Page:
7. Revolutionary Method For Treating of Cancer. Classic experimental subjects of cancer investigators are mice. On mice are tested serums, diets, X-rays, poultices – all manner of remedy and theory-before the treatment is made available for use on humans. Two investigators who reversed this process are Drs. Temple Fay and Lawrence Smith of Philadelphia. They announced a revolutionary new method of treating cancer – the so-called “frozen sleep” treatment. Working on the theory that cold would kill the growth of cancer cells in the human body, they packed cancer patients in cracked ice until their temperature dropped below 90 – previously thought to be the lowest body temperature at which life could be sustained. Though the cold did not kill them, it put the patients to sleep, with their normal body processes dropping to a point near death. The patients were kept in their cold coma for five days.
The result of this treatment, declared Drs. Fay and Smith, was to check tissue damage caused by cancer and to promote healing in a number of cases. . . Meanwhile, three cancer researchers in Santa Monica, Calif., decided to apply the treatment to cancerous mice. . . (they) disclosed that so far as mice were concerned, “frozen sleep” was a failure. After subjecting mice to the cold coma (24 hours), it was discovered the size of the malignant growths in the mice had decreased, but only about as much as would have been expected by reducing the amount of food eaten. Most important, after a short time the cancer tumors regained their growth, thus proving the freezing had not permanent effect on the mice.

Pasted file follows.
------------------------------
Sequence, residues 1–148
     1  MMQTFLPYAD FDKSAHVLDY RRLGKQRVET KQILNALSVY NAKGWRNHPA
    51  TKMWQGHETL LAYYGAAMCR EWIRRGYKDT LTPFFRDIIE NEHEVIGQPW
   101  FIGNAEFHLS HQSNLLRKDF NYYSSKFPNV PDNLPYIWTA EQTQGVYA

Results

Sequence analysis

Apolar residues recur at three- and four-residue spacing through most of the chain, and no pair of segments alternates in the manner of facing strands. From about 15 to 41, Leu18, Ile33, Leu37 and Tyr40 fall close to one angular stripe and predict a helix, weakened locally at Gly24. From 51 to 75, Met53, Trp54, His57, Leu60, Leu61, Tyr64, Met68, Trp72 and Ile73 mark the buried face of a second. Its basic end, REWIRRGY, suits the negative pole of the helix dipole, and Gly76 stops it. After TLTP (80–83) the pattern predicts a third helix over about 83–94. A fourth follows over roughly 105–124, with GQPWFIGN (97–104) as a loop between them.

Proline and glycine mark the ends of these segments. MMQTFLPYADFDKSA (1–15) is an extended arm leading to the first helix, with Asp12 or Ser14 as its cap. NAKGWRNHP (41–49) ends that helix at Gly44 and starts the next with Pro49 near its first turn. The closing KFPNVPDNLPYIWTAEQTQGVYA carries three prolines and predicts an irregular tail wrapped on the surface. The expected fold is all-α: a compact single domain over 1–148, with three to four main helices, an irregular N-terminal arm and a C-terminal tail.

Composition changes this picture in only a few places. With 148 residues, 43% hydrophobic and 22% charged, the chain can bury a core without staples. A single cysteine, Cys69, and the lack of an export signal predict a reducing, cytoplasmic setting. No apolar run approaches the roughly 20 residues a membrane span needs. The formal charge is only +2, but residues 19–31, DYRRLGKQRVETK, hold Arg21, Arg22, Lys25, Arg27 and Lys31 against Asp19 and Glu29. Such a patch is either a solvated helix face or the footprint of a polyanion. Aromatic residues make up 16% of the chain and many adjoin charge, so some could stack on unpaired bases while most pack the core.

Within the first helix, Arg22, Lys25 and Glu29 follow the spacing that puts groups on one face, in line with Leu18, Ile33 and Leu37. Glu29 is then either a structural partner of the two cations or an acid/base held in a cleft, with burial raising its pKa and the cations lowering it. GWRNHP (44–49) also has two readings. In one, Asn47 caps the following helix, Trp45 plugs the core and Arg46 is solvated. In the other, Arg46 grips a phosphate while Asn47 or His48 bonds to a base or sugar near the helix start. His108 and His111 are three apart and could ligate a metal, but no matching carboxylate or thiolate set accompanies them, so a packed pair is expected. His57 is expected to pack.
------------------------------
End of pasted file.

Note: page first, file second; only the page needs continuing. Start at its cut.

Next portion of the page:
8. Lake County Republicans named Earl Fairbanks Jr. of Elk Township and former Senator Frank A. Smith of Luther delegates to the State convention of the party which opens in Grand Rapids today. Smith is a wheel horse of the GOP in Lake County. He has been chairman of the county committee several years in the past, is chairman of the county board of supervisors, which position he has held several years, has served as state representative and as state senator form this district. He will make the next few weeks an active campaign. Fairbanks is the son of Dr. Earl Fairbanks of Luther, who also served as both representative and senator at Lansing. Louis J. Moothart, county school commissioner, and Alfred Sellers, supervisor of Dover Township, are alternates to the state convention.
9. Red Cross Appeals. Since the “all-out” aerial warfare was begun in September against Great Britain, the American Red Cross has more than doubled its efforts to get relief to the homeless and wounded victims in London and other towns and villages of England. . . The Lake County chapter under the direction of Mrs. Gladys Allison, has produced three shipments of garments. A number of workers have given freely their time to produce these garments, but more workers are needed. The quota for this county that must be completed and shipped by December 31 is much larger than any previous quota. Following are the garmets required requested from Lake County:
• 10 women’s dresses
• 25 girl’s dresses
• 10 layettes
• 20 boy’s shirts
• 10 men’s sweaters
• 10 women’s sweaters
• 20 children’s sweaters
• 5 pair men’s socks
If this quota is met workers are needed. Those who helped previously will no doubt respond again, but hey cannot produce the garments alone. Are You Doing Your Share? ? ? Please write, or call in person at the Baldwin Lumber Company, and tell Mrs. Allison what you can do to help.